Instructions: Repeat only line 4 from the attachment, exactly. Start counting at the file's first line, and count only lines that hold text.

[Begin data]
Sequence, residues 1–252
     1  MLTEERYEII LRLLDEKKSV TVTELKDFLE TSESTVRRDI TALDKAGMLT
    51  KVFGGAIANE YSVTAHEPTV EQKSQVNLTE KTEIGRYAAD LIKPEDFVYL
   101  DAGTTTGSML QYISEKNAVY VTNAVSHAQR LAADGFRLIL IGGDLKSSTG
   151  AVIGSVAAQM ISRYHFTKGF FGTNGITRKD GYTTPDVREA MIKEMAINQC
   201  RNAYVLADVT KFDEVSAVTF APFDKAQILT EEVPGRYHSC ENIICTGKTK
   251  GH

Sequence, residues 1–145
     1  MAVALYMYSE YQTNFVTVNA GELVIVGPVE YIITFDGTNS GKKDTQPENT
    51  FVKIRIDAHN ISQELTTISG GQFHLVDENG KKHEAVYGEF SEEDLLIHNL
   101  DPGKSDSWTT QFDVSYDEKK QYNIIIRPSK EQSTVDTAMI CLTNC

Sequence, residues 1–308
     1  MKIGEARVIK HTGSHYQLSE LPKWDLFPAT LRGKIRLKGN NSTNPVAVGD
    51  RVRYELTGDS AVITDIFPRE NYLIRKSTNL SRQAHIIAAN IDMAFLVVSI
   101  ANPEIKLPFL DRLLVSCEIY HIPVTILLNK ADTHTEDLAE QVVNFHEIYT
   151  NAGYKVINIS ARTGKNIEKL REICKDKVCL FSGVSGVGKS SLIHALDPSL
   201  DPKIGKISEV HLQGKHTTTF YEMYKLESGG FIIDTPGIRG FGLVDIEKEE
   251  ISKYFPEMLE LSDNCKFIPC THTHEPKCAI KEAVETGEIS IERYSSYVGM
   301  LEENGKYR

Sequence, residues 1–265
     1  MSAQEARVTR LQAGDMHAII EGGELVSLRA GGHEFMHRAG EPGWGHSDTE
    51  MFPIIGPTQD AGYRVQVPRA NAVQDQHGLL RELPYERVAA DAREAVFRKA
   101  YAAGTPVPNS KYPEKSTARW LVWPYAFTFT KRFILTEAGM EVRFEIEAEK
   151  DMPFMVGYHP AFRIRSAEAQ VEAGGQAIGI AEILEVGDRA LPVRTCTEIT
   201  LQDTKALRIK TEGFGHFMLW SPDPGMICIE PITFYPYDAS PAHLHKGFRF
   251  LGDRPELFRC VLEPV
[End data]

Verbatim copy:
   101  DAGTTTGSML QYISEKNAVY VTNAVSHAQR LAADGFRLIL IGGDLKSSTG